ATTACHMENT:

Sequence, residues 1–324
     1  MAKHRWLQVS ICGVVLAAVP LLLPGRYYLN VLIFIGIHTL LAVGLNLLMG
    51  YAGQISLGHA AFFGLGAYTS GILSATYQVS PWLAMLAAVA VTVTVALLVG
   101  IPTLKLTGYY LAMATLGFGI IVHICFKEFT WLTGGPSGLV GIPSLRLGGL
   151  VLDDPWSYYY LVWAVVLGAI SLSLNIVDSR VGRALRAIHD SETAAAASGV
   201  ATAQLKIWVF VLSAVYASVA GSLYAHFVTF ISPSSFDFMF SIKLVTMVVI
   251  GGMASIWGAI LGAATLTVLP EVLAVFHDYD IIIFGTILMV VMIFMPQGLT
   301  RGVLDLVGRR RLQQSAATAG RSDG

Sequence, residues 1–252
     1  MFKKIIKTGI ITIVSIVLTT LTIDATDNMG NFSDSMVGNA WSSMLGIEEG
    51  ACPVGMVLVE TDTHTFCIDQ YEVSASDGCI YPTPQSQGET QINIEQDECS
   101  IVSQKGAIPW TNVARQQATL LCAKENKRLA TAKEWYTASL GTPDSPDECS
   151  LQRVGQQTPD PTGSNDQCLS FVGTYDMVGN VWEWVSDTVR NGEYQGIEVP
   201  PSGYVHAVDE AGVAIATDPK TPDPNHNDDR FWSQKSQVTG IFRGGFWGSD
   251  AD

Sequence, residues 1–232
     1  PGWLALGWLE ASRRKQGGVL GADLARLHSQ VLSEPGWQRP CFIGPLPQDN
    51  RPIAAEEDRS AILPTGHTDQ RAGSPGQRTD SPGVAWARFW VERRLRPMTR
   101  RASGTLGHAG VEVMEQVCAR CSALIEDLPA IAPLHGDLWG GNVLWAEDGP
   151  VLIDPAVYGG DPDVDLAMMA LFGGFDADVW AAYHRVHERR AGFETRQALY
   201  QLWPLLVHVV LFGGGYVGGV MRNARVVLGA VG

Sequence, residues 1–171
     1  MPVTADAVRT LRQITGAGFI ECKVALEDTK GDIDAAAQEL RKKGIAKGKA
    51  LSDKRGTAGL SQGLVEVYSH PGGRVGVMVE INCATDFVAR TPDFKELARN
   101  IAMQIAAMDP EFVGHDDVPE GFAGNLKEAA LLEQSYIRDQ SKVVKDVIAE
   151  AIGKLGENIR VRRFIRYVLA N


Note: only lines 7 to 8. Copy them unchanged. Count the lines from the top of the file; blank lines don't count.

   251  GGMASIWGAI LGAATLTVLP EVLAVFHDYD IIIFGTILMV VMIFMPQGLT
   301  RGVLDLVGRR RLQQSAATAG RSDG